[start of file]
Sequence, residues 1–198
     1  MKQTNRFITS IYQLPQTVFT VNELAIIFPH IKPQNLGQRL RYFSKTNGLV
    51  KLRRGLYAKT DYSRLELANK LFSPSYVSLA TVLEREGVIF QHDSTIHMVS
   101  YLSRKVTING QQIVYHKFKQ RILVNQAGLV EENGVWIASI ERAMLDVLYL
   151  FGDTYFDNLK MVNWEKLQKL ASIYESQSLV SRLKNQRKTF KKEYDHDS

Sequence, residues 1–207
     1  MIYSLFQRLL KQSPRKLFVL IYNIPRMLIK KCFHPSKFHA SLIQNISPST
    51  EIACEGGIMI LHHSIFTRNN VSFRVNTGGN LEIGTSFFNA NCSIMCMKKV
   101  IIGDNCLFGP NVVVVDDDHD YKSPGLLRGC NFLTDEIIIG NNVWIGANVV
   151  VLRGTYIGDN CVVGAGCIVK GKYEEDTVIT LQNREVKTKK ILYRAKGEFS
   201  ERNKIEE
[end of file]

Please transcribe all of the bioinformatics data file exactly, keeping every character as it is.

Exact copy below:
Sequence, residues 1–198
     1  MKQTNRFITS IYQLPQTVFT VNELAIIFPH IKPQNLGQRL RYFSKTNGLV
    51  KLRRGLYAKT DYSRLELANK LFSPSYVSLA TVLEREGVIF QHDSTIHMVS
   101  YLSRKVTING QQIVYHKFKQ RILVNQAGLV EENGVWIASI ERAMLDVLYL
   151  FGDTYFDNLK MVNWEKLQKL ASIYESQSLV SRLKNQRKTF KKEYDHDS

Sequence, residues 1–207
     1  MIYSLFQRLL KQSPRKLFVL IYNIPRMLIK KCFHPSKFHA SLIQNISPST
    51  EIACEGGIMI LHHSIFTRNN VSFRVNTGGN LEIGTSFFNA NCSIMCMKKV
   101  IIGDNCLFGP NVVVVDDDHD YKSPGLLRGC NFLTDEIIIG NNVWIGANVV
   151  VLRGTYIGDN CVVGAGCIVK GKYEEDTVIT LQNREVKTKK ILYRAKGEFS
   201  ERNKIEE